California-based Memorial Healthcare is a four-IPA organization that includes a 35,000-visit-a-year urgent care clinic and a disease management center. The four IPAs represent 220 primary care doctors and 400 specialists – across North Orange County, Anaheim and Long Beach – centered around four hospitals. Primarily handling at-risk contracting with health plans, the IPA has begun working to bring EHRs to its providers. Recently, HCI Editor-in-Chief Anthony Guerra talked with CEO Patty Page LaPenn to learn just want IPAs want, and don’t want, from hospitals.
GUERRA: Are you negotiating with different EHR vendors on behalf of your doctors, are you working with the hospitals?
LaPENN: We are negotiating with different vendors, but we represent our largest practice. Our largest geographical location is 10 doctors, and so we represent a lot of independent physicians. We are actually rolling out a modular application we have built that will go a long ways towards meaningful use, because the cost of rolling out an EMR in a practice of one or two doctors is almost impossible to support.
The large vendors don’t want to deal with them, first of all. We are creating interoperability. So we’re using applications that do one thing well and cobbling them together. We have our own automated eligibility system that pulls data from their appointment systems. We’re then taking that system and adding on an e-prescribing system, and then adding on a lab data system.
The biggest problem with rolling out an EMR in a medical group is doctors care the most about the way they have to create their chart note, because that slows them down. That’s the thing that is most frustrating and the hardest to deploy. The thing they like the most is having ready access to all the information from anywhere. And so what we’re doing is trying to put together all of those things that give them rapid access to the data they need, and we’re leaving the actual chart note until later because it’s the expensive part, it’s the fragmenting part, and it’s the thing that changes the interaction between the doctor and the patient the most and makes them nasty.
So we’re leaving that until the end, and when we find a system that makes it easier for the practicing physician, we’ll look at it. What our doctors who have deployed EMRs have found is that they have to do things themselves which they used to delegate, so it’s taking them longer at the end of their day. We’re focusing on what takes them longer at the end of the day and trying to actually automate this stuff.
There are a lot of EMRs out there that will automate things. For example, take our diabetes program. If you know what their A1C is, LVO and blood pressure and their microalbumin, you can bifurcate your patients, and you should be able to just have the system give you a list of patients that are doing well, send out a note telling them they’re doing well by just hitting one button. Then all the ones that are really doing poorly, you just click a button saying, “Schedule this patient in my office.” The ones that are in the middle, you should be able to click one button and say, “Here are your values, here’s where you’re falling short, please do these following things to improve. We’re going to redo these tests in six months and, if you’re not better, we’re going to change your medication,” because 40 percent of all patients are noncompliant on their medications.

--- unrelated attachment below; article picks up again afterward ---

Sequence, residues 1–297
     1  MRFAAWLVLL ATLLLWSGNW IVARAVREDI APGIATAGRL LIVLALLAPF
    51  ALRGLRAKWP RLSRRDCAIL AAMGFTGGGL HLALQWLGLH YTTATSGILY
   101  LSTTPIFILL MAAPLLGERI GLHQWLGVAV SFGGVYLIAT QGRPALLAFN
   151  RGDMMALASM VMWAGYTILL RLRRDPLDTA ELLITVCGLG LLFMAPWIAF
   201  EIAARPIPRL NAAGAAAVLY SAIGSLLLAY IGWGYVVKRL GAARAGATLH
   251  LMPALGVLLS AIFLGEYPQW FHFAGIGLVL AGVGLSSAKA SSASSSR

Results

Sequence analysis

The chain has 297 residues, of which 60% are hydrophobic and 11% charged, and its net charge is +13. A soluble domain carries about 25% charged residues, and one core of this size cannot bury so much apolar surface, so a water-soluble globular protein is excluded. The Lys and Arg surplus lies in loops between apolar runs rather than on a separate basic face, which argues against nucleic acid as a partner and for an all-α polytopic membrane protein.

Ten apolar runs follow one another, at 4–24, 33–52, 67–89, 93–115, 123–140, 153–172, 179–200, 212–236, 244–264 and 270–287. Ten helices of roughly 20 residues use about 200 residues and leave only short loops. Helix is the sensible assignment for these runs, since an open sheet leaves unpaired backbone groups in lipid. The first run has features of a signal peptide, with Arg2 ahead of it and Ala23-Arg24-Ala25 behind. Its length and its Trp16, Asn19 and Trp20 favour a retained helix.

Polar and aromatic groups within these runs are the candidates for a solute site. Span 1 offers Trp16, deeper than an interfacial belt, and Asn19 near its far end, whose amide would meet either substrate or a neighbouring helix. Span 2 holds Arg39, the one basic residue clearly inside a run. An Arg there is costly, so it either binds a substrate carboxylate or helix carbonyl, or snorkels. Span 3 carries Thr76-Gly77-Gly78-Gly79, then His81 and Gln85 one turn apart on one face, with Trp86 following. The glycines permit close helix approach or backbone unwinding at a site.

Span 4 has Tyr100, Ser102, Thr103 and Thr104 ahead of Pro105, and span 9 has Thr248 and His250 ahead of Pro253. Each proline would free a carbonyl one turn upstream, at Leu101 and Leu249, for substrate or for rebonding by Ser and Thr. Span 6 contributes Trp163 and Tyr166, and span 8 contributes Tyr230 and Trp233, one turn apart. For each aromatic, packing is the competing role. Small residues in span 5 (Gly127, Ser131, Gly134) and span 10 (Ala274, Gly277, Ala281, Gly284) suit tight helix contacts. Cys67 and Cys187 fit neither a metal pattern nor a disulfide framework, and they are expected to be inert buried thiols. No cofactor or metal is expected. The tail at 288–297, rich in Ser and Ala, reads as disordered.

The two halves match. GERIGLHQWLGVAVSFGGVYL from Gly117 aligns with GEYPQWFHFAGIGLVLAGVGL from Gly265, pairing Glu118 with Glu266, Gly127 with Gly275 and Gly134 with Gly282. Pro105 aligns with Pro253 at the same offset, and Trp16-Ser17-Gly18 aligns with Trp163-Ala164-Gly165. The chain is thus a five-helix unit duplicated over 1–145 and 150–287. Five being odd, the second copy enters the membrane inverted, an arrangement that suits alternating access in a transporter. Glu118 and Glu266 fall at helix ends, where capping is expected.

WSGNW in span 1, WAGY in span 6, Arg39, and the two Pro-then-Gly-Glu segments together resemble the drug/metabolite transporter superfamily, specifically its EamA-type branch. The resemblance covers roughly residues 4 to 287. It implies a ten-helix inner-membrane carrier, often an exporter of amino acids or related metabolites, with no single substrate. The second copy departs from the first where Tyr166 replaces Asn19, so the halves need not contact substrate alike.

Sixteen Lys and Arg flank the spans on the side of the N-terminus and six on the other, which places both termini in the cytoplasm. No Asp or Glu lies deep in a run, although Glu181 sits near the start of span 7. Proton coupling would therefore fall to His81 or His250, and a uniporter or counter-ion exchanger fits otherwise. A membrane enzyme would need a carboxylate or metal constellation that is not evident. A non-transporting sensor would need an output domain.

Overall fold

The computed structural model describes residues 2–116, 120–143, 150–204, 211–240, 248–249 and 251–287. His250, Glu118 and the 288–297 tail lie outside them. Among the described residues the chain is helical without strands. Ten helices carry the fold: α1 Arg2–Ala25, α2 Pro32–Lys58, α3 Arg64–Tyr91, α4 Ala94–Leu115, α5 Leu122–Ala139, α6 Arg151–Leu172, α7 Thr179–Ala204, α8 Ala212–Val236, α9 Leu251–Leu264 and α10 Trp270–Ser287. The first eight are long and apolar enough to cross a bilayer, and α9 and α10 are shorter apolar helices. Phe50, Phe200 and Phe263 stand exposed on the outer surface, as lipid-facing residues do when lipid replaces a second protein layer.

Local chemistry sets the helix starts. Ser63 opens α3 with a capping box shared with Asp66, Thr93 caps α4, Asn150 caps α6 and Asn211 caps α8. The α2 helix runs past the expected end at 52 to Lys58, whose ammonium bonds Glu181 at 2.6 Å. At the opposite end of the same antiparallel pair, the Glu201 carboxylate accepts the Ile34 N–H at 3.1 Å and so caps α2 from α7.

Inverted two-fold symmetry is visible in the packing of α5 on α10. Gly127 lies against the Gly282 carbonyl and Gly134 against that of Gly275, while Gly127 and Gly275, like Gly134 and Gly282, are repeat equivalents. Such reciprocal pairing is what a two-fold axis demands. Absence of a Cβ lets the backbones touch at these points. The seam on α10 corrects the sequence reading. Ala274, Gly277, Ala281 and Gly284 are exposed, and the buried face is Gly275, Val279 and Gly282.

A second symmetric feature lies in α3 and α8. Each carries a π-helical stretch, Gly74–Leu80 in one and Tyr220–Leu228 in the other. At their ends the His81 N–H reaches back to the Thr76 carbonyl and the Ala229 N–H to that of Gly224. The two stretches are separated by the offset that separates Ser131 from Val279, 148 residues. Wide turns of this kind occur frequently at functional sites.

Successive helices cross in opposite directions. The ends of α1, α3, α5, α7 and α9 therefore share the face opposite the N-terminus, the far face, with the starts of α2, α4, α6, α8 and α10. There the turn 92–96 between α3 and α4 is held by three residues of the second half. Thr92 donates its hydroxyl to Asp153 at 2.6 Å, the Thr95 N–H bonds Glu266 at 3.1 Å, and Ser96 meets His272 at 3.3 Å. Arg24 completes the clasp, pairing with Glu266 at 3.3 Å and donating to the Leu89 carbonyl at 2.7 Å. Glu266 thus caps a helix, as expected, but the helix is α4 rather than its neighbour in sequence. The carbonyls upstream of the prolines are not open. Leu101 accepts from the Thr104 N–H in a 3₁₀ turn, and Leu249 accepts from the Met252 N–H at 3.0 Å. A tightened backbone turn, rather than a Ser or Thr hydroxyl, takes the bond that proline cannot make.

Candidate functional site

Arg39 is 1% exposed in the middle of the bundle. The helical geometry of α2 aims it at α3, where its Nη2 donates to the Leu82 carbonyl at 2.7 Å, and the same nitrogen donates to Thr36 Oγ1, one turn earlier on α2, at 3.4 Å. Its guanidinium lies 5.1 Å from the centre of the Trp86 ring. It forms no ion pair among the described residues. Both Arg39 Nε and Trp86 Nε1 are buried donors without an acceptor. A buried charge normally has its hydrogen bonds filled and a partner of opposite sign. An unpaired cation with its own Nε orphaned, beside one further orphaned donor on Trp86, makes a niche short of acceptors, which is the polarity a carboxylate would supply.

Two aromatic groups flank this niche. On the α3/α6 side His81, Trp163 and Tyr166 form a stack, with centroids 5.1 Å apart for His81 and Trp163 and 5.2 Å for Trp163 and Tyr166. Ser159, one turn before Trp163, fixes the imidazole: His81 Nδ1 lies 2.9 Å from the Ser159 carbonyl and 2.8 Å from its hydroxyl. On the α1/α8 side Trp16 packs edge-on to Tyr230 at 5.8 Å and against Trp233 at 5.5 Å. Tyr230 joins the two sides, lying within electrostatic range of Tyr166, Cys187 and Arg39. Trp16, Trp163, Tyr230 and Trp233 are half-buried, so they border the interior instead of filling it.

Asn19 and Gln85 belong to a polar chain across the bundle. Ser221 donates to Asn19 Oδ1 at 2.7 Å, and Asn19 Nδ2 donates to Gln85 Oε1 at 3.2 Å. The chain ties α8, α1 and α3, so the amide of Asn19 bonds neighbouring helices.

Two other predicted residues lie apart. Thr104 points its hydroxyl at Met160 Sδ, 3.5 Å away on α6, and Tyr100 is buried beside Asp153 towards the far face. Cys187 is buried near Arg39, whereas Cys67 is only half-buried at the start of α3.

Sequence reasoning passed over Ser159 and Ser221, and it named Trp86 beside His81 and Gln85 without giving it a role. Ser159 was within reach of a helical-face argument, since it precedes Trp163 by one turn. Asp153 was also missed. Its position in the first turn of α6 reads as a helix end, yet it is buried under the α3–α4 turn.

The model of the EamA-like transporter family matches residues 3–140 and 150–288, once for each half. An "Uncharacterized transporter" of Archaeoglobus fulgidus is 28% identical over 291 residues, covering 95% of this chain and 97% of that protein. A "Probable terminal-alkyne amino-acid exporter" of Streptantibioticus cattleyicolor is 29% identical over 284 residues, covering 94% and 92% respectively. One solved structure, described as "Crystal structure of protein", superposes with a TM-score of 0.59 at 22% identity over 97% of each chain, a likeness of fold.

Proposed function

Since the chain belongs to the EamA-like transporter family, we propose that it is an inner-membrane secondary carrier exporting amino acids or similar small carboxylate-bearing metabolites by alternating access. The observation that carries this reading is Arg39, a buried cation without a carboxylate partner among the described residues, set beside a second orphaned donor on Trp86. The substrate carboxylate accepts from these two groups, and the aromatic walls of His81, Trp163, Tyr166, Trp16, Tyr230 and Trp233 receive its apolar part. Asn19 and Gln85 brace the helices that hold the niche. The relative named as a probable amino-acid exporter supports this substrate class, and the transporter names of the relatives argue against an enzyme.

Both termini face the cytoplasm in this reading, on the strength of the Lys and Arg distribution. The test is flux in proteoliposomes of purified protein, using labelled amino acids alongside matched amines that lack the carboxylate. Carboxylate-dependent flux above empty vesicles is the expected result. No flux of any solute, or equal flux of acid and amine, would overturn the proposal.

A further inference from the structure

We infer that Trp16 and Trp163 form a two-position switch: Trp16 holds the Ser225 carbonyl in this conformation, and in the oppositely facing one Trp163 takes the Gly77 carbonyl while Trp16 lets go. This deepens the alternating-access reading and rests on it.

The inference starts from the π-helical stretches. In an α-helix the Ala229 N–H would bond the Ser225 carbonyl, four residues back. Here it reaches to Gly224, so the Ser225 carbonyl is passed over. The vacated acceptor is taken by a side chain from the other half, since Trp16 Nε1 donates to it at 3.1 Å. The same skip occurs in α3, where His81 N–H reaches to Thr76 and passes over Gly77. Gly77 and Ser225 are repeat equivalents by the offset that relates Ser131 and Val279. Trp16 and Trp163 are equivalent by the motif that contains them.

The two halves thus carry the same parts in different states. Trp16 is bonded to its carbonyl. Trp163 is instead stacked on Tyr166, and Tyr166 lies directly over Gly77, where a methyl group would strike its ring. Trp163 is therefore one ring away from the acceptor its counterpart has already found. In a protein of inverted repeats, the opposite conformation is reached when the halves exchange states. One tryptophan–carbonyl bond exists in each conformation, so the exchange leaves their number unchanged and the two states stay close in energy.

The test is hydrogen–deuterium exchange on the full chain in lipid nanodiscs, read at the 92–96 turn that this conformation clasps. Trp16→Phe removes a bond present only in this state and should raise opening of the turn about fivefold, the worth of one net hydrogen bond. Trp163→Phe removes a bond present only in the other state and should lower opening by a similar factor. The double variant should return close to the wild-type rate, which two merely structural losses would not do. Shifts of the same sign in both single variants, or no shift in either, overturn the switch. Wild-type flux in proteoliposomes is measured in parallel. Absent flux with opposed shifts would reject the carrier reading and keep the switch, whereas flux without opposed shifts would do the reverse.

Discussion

Most of the EMRs that are out there, it’s like they have programmed what the doctors do now rather than thinking about how we can make it easier for the doctors to do things. There’s been no paradigm shift creating built-in intelligence.
GUERRA: The chart note is a very complicated area.
LaPENN: Yes. There’s lots of documentation doctors do that’s not an actual chart note, but the thing with some systems is they’re very tightly programmed. So it’s designed so the nurse comes in, she has to get through about 10 questions. So if you walk in and say, “I’m in total liver failure, total renal failure, I’m going to be dead in three months,” they ask you the same questions as if you’re a 40 year old that doesn’t have any of those problems. It’s designed to not miss anything.
When a doctor walks in an exam room, they get a gestalt for what’s going on with the patient. Like, for example, if you’re working with a patient who is demented, to worry about an A1C on a patient that’s in congestive heart failure and demented is meaningless. The doctors wouldn’t do that. They probably wouldn’t do mammograms on them. Why would you take someone who doesn’t understand what’s going on and torture them any more than you have to? Because I tell you it is torture. Taking someone who doesn’t know what’s going on and giving them a prostate exam or giving them a mammogram is torture.
So the doctor goes in and gets a gestalt. What they do in their visit is totally different once you have a certain diagnoses onboard, which covers a huge percentage of the Medicare population. The well patients come in, they get the medicines, they leave, you don’t see them very much, it’s the last 18 months of life where doctors encounter people the most, because who else is the family going to take this patient to?
GUERRA: You’re talking about alert fatigue.
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